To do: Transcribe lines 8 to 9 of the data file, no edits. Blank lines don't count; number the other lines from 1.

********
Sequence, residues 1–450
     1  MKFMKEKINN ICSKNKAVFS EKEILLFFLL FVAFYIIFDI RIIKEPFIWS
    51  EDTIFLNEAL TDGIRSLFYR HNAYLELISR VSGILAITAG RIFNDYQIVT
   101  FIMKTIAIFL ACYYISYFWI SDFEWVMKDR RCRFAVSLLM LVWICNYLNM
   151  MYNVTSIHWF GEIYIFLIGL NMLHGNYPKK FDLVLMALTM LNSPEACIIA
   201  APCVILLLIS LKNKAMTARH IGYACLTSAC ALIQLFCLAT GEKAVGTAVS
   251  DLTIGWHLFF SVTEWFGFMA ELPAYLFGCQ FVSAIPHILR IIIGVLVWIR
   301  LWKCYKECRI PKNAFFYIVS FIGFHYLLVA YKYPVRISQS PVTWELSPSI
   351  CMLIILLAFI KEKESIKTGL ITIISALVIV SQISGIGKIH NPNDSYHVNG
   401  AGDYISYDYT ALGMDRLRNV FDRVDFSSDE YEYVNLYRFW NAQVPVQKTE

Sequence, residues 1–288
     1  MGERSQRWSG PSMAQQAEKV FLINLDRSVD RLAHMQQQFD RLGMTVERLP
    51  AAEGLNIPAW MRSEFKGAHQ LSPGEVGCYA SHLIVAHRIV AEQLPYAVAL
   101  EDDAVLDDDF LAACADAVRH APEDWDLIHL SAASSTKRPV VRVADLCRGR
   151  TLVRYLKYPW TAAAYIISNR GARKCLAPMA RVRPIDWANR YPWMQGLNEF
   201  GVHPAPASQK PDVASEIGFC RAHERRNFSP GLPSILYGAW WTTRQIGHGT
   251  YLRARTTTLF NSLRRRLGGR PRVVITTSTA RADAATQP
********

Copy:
   301  LWKCYKECRI PKNAFFYIVS FIGFHYLLVA YKYPVRISQS PVTWELSPSI
   351  CMLIILLAFI KEKESIKTGL ITIISALVIV SQISGIGKIH NPNDSYHVNG